Great War Dundee
This is Dundee's story of those that served in the First World War, and of the people left at home
William Edward Foggie
- Date of enlistment:
- Place of enlistment: Dundee
- Service no:
- Rank: Lieutenant Colonel
- Service Occupation: Commanding Officer
- Awards: Territorial Decoration , British War Medal, Victory Medal, 1914-1915 Star, Distinguished Service Order
- Regiment/Service: Royal Army Military Corps
- Unit/Ship: '1/3' 3rd Highland Field Ambulance
- Date of Birth:
- Place of Birth:
- Occupation: Doctor
- Age at Death:
- Date of Death:
- Place of Death:
- Burial Country:
More about William Edward Foggie
Lieutenant Colonel William Edward Foggie MA MB CM MD FRCP RAMC was a well known Dundee Doctor and son of Jute Merchant. He was educated Dundee High School then attended Edinburgh University, graduating MA and then MB CM in 1899. He was a resident physician at the Dundee Royal Infirmary before going into General Practice.
Foggie was also a territorial, having joined 3 Dundee Volunteer Battalion as Surgeon Captain (Medical Officer). At the beginning of WWI, he was appointed Commanding Officer of the Dundee raised 3rd Highland Field Ambulance unit, commanding 1/3. 1/3 was posted overseas early in the war with 2/3 following shortly after. 3/3 was formed but remained in Dundee.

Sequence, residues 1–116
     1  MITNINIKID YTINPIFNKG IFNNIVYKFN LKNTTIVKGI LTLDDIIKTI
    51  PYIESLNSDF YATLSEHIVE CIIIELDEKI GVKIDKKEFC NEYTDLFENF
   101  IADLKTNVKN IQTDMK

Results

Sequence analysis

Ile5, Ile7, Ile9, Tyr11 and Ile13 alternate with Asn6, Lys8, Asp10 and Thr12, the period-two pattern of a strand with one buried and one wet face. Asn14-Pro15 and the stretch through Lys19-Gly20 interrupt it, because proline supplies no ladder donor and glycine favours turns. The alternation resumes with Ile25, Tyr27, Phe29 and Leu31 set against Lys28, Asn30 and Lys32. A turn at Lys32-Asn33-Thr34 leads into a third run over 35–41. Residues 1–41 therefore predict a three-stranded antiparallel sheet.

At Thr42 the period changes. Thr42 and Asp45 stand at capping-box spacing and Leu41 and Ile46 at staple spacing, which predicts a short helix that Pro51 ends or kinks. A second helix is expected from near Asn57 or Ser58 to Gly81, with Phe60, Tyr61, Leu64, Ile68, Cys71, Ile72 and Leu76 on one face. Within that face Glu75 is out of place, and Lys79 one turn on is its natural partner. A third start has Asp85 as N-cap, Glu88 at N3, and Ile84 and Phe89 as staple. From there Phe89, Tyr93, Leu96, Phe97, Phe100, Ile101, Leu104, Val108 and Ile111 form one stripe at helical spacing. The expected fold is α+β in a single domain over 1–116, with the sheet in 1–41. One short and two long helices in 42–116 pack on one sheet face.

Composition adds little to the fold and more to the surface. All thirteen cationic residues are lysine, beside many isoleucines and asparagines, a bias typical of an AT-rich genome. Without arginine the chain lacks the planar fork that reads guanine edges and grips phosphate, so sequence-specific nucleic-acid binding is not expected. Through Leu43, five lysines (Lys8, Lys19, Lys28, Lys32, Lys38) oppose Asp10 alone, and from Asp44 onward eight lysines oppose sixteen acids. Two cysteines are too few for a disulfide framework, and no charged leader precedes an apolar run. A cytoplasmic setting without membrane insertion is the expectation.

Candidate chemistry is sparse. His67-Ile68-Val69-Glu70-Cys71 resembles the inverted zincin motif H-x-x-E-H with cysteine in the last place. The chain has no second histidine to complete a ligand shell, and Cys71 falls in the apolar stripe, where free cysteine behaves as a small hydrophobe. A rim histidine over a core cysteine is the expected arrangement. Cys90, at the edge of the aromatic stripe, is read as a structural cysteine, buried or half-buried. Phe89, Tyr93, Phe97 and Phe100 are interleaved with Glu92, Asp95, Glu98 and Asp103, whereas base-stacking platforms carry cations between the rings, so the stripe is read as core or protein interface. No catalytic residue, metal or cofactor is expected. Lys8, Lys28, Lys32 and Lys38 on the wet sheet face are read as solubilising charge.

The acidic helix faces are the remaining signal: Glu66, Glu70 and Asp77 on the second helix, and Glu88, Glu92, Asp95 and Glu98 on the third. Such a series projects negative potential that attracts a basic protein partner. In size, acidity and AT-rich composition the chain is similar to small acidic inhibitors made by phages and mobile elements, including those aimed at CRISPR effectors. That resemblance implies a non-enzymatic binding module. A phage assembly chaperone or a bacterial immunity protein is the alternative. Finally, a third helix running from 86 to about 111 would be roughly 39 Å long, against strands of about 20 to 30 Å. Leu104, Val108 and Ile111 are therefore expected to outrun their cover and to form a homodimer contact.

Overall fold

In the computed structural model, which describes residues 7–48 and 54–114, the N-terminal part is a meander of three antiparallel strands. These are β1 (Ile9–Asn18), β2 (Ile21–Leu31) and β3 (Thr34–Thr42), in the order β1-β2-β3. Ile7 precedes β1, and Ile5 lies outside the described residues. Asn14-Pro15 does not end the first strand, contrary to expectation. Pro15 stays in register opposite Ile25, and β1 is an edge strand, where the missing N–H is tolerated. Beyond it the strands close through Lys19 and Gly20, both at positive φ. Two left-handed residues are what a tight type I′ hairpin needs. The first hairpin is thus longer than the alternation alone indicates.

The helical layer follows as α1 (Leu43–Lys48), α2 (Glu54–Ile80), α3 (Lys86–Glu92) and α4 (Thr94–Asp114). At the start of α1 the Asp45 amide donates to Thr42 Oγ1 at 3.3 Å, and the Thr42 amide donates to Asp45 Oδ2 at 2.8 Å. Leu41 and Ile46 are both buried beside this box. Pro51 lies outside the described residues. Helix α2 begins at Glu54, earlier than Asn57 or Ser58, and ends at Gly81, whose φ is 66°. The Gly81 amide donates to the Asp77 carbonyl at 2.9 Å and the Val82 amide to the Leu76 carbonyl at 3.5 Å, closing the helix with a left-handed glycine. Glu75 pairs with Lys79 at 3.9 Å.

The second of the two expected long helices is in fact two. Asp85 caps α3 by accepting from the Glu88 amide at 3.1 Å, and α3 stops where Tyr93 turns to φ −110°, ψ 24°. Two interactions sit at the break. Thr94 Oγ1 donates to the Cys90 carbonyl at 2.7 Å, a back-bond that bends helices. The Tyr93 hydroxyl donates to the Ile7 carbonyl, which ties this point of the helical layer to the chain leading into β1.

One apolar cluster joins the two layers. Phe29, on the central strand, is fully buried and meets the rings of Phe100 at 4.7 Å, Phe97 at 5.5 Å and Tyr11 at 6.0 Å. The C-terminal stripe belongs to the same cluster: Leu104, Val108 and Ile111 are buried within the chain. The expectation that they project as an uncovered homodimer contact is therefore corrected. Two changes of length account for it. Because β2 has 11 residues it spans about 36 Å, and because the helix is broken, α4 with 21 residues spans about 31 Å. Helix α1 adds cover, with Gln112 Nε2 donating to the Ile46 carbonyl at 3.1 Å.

Foggie’s military career was as equally distinguished as that of his civilian medical career. He was gzaetted at Major in 1908 and then made Lietenant Colonel in 1914. He earned a mention in Dispatches, a Distinguished Service Order (DSO), and received the Territorial Decoration. He also received the trio of British War Medal, Victory Medal and 1914-1915 star.
Following his return from the Great War, his medical career continued to flourish. He was accorded Fellowship of the Royal College of Physicians in Edinburgh (FRCP (E)) in 1926 and went on commit over 50 years service with Dundee Infirmary, as well as visiting positions at Sidlaw sanatorium and Royal Victoria Hospital. In addition to this, he was a respected lecturer at the then Medical School of University College Dundee. In his obituary in the Dundee Courier, he was described as having been ‘one of the city’s best known medical men’.
Additional information kindly supplied by Jim Flood.
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